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Logo of nihpaAbout Author manuscriptsSubmit a manuscriptHHS Public Access; Author Manuscript; Accepted for publication in peer reviewed journal;
Exp Cell Res. Author manuscript; available in PMC 2009 February 15.
Published in final edited form as:
PMCID: PMC2267924

DNA polymerase η reduces the γ-H2AX response to psoralen interstrand crosslinks in human cells


DNA interstrand crosslinks are processed by multiple mechanisms whose relationships to each other are unclear. Xeroderma pigmentosum-variant (XP-V) cells lacking DNA polymerase η are sensitive to psoralen photoadducts created under conditions favoring crosslink formation, suggesting a role for translesion synthesis in crosslink repair. Because crosslinks can lead to double strand breaks, we monitored phosphorylated H2AX (γ-H2AX), which is typically generated near double-strand breaks but also in response to single-stranded DNA, following psoralen photoadduct formation in XP-V fibroblasts to assess whether polymerase η is involved in processing crosslinks. In contrast to conditions favoring monoadducts, conditions favoring psoralen crosslinks induced γ-H2AX levels in both XP-V and nucleotide excision repair-deficient XP-A cells relative to control repair-proficient cells; ectopic expression of polymerase η in XP-V cells normalized the γ-H2AX response. In response to psoralen crosslinking, γ-H2AX as well as 53BP1 formed co-incident foci that were more numerous and intense in XP-V and XP-A cells than in controls. Psoralen photoadducts induced γ-H2AX throughout the cell cycle in XP-V cells. These results indicate that polymerase η is important in responding to psoralen crosslinks, and are consistent with a model in which nucleotide excision repair and polymerase η are involved in processing crosslinks and avoiding γ-H2AX associated with double strand breaks and single-stranded DNA in human cells.

Keywords: interstrand crosslink, psoralen, polymerase η, double-strand break, γH2AX


DNA interstrand crosslinks (ICL) are an important class of DNA damage that is created by multiple drugs used in cancer chemotherapy. For example, psoralens in conjunction with ultraviolet A (UVA) radiation are often studied as representative ICL-forming agents and are commonly used to treat cutaneous T-cell lymphomas as well as various inflammatory dermatoses, [1, 2]. Psoralens are linear furocoumarins that intercalate between DNA base pairs and upon absorption of single ultraviolet A (UVA) photons are capable of forming monoadducts with pyrimidine bases. Following absorption of a second UVA photon, a furan-sided psoralen monoadduct can further react to form an ICL, primarily at 5’TpA3’ sequences. Unfortunately, as with other forms of chemotherapy involving ICL-forming agents, the use of psoralen and UVA for psoriasis has also been linked to an increased risk for secondary malignancies [3, 4].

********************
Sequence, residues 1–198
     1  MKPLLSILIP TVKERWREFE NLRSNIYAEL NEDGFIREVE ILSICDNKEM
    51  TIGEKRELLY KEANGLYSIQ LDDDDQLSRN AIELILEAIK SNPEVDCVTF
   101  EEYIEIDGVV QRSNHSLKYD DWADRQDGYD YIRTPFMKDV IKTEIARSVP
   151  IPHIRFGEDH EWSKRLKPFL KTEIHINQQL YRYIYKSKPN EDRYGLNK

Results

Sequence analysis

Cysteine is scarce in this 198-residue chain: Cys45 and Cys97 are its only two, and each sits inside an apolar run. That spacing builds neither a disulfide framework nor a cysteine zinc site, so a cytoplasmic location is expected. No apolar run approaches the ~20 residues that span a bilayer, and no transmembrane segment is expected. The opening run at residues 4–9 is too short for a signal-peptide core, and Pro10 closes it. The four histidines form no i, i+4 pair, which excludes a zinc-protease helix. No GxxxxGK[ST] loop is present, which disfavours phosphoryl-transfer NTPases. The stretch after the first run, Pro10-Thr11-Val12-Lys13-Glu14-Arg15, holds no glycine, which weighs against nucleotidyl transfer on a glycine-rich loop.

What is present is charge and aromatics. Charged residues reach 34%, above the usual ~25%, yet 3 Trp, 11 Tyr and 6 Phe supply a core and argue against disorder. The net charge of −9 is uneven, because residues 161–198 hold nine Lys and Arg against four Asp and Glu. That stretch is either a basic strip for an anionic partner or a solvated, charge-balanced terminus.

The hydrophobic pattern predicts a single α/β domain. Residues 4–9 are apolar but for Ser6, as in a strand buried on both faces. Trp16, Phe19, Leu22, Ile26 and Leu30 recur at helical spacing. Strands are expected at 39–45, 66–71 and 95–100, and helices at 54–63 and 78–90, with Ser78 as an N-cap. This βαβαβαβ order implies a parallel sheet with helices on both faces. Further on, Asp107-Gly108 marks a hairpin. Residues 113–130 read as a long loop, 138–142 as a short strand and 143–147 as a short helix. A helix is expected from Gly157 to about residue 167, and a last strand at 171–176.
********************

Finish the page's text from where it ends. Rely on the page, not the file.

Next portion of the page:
Despite the importance of ICL-forming agents in chemotherapy and in iatrogenic carcinogenesis, the mechanisms by which ICL are repaired are still unclear in mammalian systems, particularly in humans. In yeast and mammalian cells, nucleotide excision repair (NER), recombination, and translesion synthesis, as well as certain mismatch repair proteins, have been reported to participate in ICL repair [2, 5-10]. Recombinational repair is in part thought to be a response to formation of double-strand breaks (DSBs) at ICL that appear to be unique to eukaryotes and that arise either as a result of collapsed replication forks blocked at ICL, or as true repair intermediates [8, 9, 11-13].

Another major pathway for ICL processing appears to be mediated by DNA polymerases that perform translesion synthesis (TLS). Several reports have indicated that TLS by polymerase ζ plays a key role in repairing ICL [11, 14-16]. However, another polymerase involved in TLS, polymerase η (pol η), has also been variably implicated in ICL repair. This polymerase is mutated in cells from individuals with the variant form of xeroderma pigmentosum (XP-V) who are prone to skin cancers yet are NER-proficient. While rad30-deficient yeast lacking pol η are not dramatically more sensitive to some ICL agents [5], studies in XP-V cells have suggested that pol η is important for ICL repair in humans. XP-V cells are hypersensitive to psoralen photoadducts, including ICL [17], exhibit increased mutagenesis in response to psoralen ICL associated with triplex-forming oligonucleotides [18], are moderately impaired in reactivation of psoralen crosslinked reporter plasmids [19], and are defective in recombination-independent ICL repair of mitomycin C-induced ICL in a plasmid reporter reactivation assay [20]. However, almost all of these studies have been limited to studying ICL in non-replicating plasmids rather than in native genomic DNA [18-20]. Further, it is unclear how TLS mediated by pol η might be related to pathways that involve DSB products or intermediates resulting from ICL.